Mather & Platt (India) was sold to - and became a member of - the Jumbo Group headed, until April 2002, by the late M. R. (Manu) Chhabria, having its headquarters in Dubai. The Jumbo Group is best known for its range of electronic equipment and white goods.

Today, the company has its Corporate Office as well as its main manufacturing plant in Pune. In the modern era, Mather & Platt has become one of the leading pump manufactures in India and has developed into a dynamic and growing organisation. It has three major business groups.
Fluid Engineering
dealing in pumps and pumping projects.
Fire Securities
engaged in the design and supply of equipment and systems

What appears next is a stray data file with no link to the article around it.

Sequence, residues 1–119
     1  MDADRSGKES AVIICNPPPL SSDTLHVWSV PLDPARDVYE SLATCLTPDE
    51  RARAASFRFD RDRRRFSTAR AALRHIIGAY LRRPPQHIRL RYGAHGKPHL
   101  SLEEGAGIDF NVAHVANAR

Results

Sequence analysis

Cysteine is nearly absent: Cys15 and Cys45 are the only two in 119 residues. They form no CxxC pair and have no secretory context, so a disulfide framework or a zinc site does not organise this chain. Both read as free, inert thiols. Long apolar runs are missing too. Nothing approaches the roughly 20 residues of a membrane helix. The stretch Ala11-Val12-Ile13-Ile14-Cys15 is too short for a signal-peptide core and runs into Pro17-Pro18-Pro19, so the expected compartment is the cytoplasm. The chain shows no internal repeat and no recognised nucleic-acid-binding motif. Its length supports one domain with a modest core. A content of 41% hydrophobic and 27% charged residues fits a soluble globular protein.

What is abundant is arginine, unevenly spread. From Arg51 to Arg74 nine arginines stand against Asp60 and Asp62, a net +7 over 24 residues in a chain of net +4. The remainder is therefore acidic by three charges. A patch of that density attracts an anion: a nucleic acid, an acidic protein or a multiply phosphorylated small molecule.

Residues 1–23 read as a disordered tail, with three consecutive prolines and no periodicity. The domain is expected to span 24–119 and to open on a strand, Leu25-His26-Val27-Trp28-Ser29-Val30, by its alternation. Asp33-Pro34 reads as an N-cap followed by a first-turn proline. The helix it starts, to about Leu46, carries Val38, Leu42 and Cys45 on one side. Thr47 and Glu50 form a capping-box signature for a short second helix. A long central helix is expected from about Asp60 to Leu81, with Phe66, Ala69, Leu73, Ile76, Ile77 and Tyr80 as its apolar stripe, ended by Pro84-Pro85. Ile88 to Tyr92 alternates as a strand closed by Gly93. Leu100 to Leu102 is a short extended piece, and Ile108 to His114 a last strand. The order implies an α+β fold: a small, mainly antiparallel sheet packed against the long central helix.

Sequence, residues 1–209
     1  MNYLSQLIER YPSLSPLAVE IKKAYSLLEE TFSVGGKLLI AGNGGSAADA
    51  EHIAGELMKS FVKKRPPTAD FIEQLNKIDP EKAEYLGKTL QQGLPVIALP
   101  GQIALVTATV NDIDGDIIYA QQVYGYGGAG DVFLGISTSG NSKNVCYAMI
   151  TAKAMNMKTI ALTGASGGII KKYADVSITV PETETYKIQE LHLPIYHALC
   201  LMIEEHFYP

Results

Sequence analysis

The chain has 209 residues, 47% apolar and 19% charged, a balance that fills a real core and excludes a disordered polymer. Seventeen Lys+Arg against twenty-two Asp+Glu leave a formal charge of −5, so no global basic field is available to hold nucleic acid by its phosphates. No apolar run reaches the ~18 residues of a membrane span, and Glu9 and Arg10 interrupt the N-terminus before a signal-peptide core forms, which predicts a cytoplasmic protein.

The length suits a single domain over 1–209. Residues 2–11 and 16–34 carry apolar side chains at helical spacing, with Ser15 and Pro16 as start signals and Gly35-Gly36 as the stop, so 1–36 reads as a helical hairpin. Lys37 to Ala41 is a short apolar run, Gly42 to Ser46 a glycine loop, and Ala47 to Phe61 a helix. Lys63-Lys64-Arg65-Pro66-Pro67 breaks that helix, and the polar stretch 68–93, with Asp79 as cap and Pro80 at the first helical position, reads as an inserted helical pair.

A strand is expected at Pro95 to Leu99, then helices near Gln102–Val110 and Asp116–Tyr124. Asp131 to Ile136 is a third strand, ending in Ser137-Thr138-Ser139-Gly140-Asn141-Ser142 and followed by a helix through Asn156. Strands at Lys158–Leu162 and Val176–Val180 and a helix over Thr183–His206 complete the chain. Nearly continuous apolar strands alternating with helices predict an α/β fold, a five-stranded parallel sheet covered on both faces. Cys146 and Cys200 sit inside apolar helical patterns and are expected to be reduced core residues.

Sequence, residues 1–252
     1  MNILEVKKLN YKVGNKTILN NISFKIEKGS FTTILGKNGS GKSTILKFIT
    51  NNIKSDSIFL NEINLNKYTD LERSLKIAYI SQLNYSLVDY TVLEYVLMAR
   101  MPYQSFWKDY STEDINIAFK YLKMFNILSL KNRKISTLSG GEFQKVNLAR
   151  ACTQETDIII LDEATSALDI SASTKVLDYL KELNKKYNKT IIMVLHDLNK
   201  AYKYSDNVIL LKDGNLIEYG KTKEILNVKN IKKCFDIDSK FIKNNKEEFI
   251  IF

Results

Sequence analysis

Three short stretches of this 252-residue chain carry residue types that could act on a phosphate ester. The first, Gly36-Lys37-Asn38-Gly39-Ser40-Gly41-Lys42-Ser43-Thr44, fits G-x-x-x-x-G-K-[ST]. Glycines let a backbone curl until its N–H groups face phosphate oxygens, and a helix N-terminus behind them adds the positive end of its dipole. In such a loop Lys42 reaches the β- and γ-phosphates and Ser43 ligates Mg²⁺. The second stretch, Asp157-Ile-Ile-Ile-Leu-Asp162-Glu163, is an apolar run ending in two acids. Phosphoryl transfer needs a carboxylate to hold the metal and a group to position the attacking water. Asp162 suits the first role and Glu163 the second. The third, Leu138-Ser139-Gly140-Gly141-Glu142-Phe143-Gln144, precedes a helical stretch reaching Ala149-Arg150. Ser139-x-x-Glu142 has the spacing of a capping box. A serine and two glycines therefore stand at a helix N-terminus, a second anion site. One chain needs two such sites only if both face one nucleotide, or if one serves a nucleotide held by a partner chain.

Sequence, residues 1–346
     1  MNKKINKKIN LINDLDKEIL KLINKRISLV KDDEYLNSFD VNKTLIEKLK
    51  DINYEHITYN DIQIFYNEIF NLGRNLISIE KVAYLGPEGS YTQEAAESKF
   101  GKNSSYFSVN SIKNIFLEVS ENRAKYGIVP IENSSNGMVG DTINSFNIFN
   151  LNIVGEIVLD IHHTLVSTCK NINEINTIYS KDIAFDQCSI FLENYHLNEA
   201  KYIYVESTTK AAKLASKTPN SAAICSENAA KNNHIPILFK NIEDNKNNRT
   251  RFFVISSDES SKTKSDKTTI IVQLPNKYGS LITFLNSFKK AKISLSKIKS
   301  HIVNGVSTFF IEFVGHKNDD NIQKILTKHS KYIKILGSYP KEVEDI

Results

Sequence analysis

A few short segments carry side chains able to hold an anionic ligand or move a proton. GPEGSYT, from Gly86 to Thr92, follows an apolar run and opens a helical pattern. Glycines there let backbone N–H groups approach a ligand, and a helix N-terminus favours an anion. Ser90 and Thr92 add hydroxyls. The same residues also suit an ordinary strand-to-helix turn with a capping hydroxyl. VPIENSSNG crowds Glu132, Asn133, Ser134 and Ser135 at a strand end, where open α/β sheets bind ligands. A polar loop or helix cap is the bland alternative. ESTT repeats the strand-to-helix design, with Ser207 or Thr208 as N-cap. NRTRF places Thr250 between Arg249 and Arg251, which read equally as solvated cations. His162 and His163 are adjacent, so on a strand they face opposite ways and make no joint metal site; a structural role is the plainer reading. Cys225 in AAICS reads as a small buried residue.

for fire detection and protection.
Process Machinery
manufacturing equipment and systems for food processing.

In 1994, Mather & Platt was awarded ISO 9001 certification by Det Norske Veritas, Netherlands. The company has also been awarded ISO 14001 certification for Enviornmental Management Systems by the same agency and was the first industrial pump manufacturer to have received this certification.

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In words reminiscent of sales documentation for the long-gone Mather & Platt name in Britain - 'Mather & Platt produces all types of pumps for a variety of applications and is successfully catering to the requirements of many sectors - Oil, Fertilizers, Municipal Services, Irrigation, Power Generation and Mines to name but a few'.

Thus, in India, the name Mather & Platt lives on proudly and there is a degree of satisfaction to be obtained from the notion that Ralph Dowson's sacrifice more than a hundred years ago was not in vain.

This M&P pump in Calcutta has been supplying water to millions since the mid 1930s.